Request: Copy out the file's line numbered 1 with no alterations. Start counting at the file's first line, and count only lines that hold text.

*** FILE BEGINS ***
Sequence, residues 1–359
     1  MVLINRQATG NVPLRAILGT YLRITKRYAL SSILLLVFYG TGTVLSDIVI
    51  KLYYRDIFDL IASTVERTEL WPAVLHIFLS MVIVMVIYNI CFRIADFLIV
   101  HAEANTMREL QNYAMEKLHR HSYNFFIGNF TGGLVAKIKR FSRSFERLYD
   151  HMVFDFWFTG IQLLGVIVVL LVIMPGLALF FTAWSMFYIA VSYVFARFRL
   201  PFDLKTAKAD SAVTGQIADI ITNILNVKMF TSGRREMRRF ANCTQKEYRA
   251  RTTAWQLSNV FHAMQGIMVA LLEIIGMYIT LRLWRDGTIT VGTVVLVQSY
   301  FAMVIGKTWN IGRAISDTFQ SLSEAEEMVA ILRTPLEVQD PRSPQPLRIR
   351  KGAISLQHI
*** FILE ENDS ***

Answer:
Sequence, residues 1–359